Dissertation/Thesis Abstract

Incorporating Specific Biological Functionality into Self-Assembling Peptide Amphiphiles for Nanostructured Biomaterials
by Khan, Saahir, Ph.D., Northwestern University, 2012, 159; 3547910
Abstract (Summary)

The self-assembly of molecules in nature relies on non-covalent intermolecular associations to build the complex nanoscale architectures that compose cells and tissues. Peptide amphiphiles (PAs) are synthetic molecules that utilize self-assembly to form one-dimensional nanofibers that mimic native extracellular matrix. These PA nanofibers can present bioactive peptides capable of cell signaling, and nanofibers can be organized by ions to form biodegradable gels capable of cell encapsulation. In this work, PA nanofibers have been engineered with specific biological functionality applicable to the treatment of diabetes, chronic inflammation, and transplant rejection. To improve the efficacy of transplanted pancreatic islets as a permanent cure for type 1 diabetes mellitus, a PA molecule that mimics the activity of glucagon-ike peptide 1 (GLP-1) has been developed. This GLP-1-mimetic PA self-assembles into nanofibers that are used to encapsulate β-cells and are shown to stimulate insulin secretion, prevent inflammatory cytokine-induced cell death, and enhance proliferation of these cells via cyclic AMP signaling. To enhance localized therapy for chronic inflammation, a PA molecule that mimics the activity of interleukin-1 receptor antagonist (IL-1ra) has been engineered. This IL-1raPA self-assembles into nanofibers that are shown to inhibit lymphocyte proliferation and prostaglandin release from fibroblasts via blockade of the IL-1 receptor on these cells, and IL-1raPA nanofiber gels are used to protect encapsulated β-cells from monocyte-induced inflammatory cell death. To increase the clinical applicability of induced transplant tolerance based on activation of recipient regulatory T-cells with donor B-cells, PA nanofiber-coated alginate microparticles have been utilized to replace genetically engineered cancer cells in the activation of the donor B-cells. These PA-coated microparticles are shown to upregulate surface markers of activation on B-cells observed on flow cytometry, and the resulting PA-activated B-cells are further shown to upregulate surface markers of activation on T-cells. Finally, a novel method for functionalizing the PA nanofiber with bioactive epitopes post-assembly has been developed based on native chemical ligation (NCL). This method is used to incorporate the cell-adhesive biological functionality of the RGDS peptide into the PA nanofiber post-assembly while maintaining its architecture and biodegradability, and the NCL method is further utilized to conjugate fluorescent proteins to the nanofiber surface. The possibility of engineering the PA nanofiber with these diverse biological functionalities demonstrates the broad applicability of this platform technology to the treatment of multiple clinical disorders.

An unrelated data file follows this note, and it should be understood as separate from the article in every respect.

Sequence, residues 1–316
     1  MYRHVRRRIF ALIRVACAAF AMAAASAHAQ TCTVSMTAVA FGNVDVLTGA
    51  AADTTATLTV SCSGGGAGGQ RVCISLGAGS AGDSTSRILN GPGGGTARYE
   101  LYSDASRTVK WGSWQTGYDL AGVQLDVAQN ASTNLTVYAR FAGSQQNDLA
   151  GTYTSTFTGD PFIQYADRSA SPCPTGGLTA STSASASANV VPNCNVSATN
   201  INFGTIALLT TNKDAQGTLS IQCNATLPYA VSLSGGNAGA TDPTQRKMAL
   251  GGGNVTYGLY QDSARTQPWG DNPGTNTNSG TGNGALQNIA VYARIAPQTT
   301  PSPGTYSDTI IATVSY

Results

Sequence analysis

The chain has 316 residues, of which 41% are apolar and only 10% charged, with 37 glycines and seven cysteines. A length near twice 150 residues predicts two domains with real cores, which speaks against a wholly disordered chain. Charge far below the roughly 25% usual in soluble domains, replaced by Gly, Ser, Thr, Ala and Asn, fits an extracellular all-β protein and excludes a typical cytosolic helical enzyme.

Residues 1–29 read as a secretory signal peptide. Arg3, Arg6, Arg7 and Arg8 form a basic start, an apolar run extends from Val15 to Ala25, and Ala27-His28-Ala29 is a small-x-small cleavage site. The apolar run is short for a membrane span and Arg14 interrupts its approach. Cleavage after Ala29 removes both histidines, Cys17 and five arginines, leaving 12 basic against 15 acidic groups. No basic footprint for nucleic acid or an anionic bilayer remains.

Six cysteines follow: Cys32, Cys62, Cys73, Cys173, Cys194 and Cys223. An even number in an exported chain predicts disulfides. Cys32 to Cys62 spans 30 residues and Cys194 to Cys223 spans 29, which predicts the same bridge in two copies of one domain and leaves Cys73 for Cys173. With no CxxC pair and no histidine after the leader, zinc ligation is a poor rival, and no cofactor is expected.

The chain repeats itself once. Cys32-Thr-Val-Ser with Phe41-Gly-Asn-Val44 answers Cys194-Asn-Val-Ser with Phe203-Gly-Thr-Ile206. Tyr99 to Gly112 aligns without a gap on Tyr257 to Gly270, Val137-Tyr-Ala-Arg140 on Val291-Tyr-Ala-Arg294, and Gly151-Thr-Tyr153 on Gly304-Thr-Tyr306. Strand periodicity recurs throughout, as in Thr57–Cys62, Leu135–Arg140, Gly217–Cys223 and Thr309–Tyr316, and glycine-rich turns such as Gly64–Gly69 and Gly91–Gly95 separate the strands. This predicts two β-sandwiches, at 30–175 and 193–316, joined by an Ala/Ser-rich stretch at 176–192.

Indexing (document details)
Advisor: Stupp, Samuel I.
Commitee: Ho, Dean, Messersmith, Phillip B., Shea, Lonnie D.
School: Northwestern University
Department: Biomedical Engineering
School Location: United States -- Illinois
Source: DAI-B 74/05(E), Dissertation Abstracts International
Source Type: DISSERTATION
Subjects: Biomedical engineering, Nanotechnology, Materials science
Keywords: Biomimetic materials, Diabetes, Inflammation, Peptide amphiphiles, Self assembly, Supramolecular chemistry
Publication Number: 3547910
ISBN: 978-1-267-83039-5
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